My subscription to Life expired, but I still have a subscription to Mad.

Friday, May 28, 2021

LuG (Loop under Ground) Antenna

Last post, I wrote that I would be doing a lot of antenna work during the next few weeks. A few days later, my lawn mower ate another Loop on Ground (LoG) antenna! That is two springs in a row that I lost a LoG to the mower, so I decided that I would not put down another LoG unless I could find a workaround for my hungry lawn mower.

I decided to bury the antenna just deep enough to avoid the mower, but not too deep as to affect reception. I bought some new RG6 coax, heavier gauge enameled copper wire, Channel Master balun and a saw-tooth border edger to slice open 120 feet of lawn.

It took about an hour to slice the lawn and another hour to put down the copper wire generously using lawn staples to keep the wire below ground level. By the way, the stainless steel lawn staples seem to have no effect on the operation of the antenna. Another by the way, I turned the new antenna about 30° counter-clockwise compared to the old LoGs so that its axes now lie 0°/180° and 90°/270°.

After connecting the balun and coax and running the coax up to the shack, I anxiously turned on the IC-R8600 and I was very disappointed. All signals were weak. There were no signals on frequencies that I normally hear signals and 1600 to 1710 kHz was totally dead. [There is a Department of Transportation Travelers Information Station (DOT TIS) 3 miles away on 1670 that blasts in here normally and there was nothing to hear on 1670 with the new antenna.]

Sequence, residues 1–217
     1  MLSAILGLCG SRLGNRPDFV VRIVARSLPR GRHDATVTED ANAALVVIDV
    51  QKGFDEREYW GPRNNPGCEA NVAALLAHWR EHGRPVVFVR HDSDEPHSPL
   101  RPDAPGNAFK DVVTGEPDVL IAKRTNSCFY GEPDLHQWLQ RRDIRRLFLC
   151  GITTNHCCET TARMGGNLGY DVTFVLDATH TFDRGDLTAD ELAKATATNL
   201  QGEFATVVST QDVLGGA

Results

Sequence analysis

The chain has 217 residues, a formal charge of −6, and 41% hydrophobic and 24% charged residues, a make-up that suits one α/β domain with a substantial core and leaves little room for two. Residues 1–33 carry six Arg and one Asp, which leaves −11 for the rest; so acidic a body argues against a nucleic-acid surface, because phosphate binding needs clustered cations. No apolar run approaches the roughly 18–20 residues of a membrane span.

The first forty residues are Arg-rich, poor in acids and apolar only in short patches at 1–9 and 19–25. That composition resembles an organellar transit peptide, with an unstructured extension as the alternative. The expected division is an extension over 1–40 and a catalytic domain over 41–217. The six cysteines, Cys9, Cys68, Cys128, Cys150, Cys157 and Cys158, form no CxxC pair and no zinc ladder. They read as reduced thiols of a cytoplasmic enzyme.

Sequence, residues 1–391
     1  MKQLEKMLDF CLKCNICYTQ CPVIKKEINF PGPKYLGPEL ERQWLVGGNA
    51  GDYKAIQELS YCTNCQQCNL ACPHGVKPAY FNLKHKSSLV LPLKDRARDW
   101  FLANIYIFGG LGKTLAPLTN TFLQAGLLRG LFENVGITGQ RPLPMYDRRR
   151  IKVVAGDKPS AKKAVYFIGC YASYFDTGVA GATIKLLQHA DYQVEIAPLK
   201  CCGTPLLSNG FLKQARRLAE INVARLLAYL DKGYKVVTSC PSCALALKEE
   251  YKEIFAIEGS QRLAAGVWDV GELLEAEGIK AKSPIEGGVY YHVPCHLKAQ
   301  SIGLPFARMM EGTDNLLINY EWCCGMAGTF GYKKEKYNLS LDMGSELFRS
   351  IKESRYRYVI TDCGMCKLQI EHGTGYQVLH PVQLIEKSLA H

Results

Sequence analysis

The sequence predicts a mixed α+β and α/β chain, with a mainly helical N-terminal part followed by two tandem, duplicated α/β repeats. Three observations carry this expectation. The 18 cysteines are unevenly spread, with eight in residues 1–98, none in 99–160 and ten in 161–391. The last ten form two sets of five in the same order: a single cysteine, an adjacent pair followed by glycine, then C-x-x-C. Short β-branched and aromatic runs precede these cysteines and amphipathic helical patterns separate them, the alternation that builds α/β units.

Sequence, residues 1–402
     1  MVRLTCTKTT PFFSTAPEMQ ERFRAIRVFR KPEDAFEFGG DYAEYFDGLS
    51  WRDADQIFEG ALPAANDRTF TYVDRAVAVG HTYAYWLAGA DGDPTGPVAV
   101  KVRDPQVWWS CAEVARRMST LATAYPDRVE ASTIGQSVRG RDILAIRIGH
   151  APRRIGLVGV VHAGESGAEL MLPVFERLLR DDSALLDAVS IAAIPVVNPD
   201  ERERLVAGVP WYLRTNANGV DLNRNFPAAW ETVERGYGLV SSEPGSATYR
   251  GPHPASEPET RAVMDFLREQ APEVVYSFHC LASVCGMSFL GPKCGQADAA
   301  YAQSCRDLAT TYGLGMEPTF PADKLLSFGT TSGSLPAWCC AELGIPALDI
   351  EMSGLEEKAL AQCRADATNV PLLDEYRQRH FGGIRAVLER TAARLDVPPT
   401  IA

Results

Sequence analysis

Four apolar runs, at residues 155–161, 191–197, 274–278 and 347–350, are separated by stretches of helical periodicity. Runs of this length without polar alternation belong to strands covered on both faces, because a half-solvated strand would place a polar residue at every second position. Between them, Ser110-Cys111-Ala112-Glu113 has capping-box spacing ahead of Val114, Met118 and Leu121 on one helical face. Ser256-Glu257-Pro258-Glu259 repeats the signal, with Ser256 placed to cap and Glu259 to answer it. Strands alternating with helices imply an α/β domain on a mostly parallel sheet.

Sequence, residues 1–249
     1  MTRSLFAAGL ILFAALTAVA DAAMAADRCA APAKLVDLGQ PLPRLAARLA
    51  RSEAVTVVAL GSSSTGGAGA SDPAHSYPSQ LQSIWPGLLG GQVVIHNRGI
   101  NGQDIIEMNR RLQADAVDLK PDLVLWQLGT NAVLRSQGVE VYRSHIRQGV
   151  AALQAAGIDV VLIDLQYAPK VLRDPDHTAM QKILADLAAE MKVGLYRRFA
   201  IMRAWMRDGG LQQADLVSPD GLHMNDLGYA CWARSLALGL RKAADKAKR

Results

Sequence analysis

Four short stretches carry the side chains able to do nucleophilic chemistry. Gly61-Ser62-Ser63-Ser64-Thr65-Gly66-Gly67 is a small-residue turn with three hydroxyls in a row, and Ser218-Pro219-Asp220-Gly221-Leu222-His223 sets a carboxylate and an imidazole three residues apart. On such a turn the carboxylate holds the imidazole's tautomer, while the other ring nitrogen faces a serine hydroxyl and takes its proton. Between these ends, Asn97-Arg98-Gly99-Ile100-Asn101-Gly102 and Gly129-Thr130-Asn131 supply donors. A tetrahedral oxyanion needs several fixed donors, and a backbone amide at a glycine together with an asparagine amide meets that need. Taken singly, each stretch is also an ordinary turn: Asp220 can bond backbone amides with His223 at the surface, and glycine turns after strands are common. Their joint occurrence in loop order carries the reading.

I thought maybe the antenna being sunk in the ground was the cause even though at the most, the antenna was only a half-inch below the surface. So I went out and lifted the whole antenna out of the ground and returned to the radio, but it did not make any difference.

My next guess was that the new balun might be the culprit, so I swapped it for the old balun and 1600 to 1710 kHz came back to life, but all the signals were still weak or non-existent. That left the coax and the copper wire as culprits. Except for a break in the enameled copper wire, I could not figure out how the wire could be bad. That left the coax, so I replaced the new RG6 coax with the old RG59 and that solved the problem. Bad RG6!

I pushed the copper back down into the ground and the signal levels were exactly the same with the antenna on top of the lawn and with the antenna underground by 1/4 inch to 1/2 inch depth.

Next day, I cut the lawn and the antenna survived.

Saturday, May 1, 2021

May Day

Two things: new radio and new logging.

I purchased a new radio, an ICOM IC-7300 transceiver. And with it, I logged a new station, WEZR relaying ’80s oldies station WIGY on 780 kHz transmitting 18 watts from Rumford, Maine, 234 miles to the north-northeast. Antenna was the 128-foot Loop-on-Ground.

Next few weeks, I will be doing a lot of antenna work.